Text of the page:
City Wonders in Paris

24 Hours in Paris, FranceParis, Bucket List Experiences

I’ve said this time and time again – Scott and I are not tour people, but I wouldn’t really classify our time with City Wonders as a tour. It was the ultimate way to maximize our time in Paris and involved a VIP Eiffel Tower Tour + a Seine River Cruise. With a start time of 4:30PM (meeting with the group at 4:15PM), we’d be done by 7PM and get a glimpse of Paris’ iconic monuments from the sky and from the water.

Our guide, Randa, a US native, expertly led the tour, showing us the best spots for pics of the iconic tower, and giving us some interesting insight into the tower’s history (it was originally built in 1889 for the World Fair and was only supposed to be a temporary structure, standing for six months), plus a bit of Parisian history to accent the monuments. After having been on tours for the past week in Jerusalem, I found her commentary refreshing – interesting and engaging. We made it to the Eiffel Tower where our group was able to skip the line (this saved us about two hours), and jet straight to the second level where the views are jaw-droppingly beautiful. It provided us with an incredible layout of the city. We could see beyond the bounds of Paris itself, plus could see sites like Les Invalides, the Louvre, the Luxor Obelisk in the distance. The sun was beginning to set and the sky was turning pink behind the city skyline; totally beautiful and a reminder as to why Paris is always top of mind for romantic cities. We had been given our Seine River cruise tickets in advance, and the tour officially ended there, on the second floor of the Eiffel Tower. At that point we had the ability to go to the summit if we wanted (there’s a champagne bar there!) or to the first floor to walk along the glass and glimpse the views below. I was pleasantly surprised – the tour was enough to give us the info that we needed and to allow us to skip the line (I can’t even describe how incredible this part is), but wasn’t rigid. Ticket holders could stay as long as they wanted and explore any parts of the tower they desired.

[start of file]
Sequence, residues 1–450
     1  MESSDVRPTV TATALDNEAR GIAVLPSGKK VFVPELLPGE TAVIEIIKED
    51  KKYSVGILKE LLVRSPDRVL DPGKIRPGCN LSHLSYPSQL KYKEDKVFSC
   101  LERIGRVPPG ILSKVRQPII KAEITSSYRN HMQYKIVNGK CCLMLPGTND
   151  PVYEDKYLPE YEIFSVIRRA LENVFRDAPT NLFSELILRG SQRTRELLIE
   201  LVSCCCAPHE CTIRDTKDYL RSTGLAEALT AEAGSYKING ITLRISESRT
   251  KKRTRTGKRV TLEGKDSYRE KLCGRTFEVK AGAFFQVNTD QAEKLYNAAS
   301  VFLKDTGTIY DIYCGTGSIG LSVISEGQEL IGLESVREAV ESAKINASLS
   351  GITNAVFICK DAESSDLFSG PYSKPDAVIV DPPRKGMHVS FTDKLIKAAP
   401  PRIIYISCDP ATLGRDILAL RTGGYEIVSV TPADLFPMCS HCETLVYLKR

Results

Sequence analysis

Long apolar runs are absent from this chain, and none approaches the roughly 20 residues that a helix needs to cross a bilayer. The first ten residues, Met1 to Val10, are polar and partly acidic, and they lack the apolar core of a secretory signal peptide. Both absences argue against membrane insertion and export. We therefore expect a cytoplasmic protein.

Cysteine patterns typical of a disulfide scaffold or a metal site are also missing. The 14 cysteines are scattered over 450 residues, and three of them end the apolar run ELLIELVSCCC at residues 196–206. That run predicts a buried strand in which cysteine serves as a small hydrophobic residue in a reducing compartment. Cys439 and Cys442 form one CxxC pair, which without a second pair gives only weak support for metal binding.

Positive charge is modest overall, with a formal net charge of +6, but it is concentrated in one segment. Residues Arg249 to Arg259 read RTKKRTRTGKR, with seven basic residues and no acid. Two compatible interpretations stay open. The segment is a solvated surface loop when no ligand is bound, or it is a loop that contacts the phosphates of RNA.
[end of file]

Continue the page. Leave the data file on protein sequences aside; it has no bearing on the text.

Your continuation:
24 Hours in Paris, France24 Hours in Paris

We had tickets for a Seine River cruise as a part of this City Wonders tour, as well, but didn’t have to go as part of a group. The tickets were valid for any departure, with the last one leaving around 11PM. By 6PM, night had fallen, the Tower was lit up, and Paris was beginning to get cold at this point. We wanted to board a cruise as soon as possible to avoid the biting cold later in the evening. We arrived just in time to catch a 6PM cruise, leaving from the base of the tower. The night was chilly (bring a coat and scarf to stay warm!), but the city was stunning at night. The cruise is an hour-long tour, pointing out main sights along the Seine with a bit of commentary to make it more informative. At the back of the boat was a bar doling out snacks and beverages. Armed with a hot chocolate, we sat at the back of the boat, saying goodbye to a twinkling Eiffel Tower as we made our way down the river. On my last trip to Paris, I hadn’t seen the tower lit up at night and definitely didn’t get to see it twinkle at the turn of the hour. It’s magical.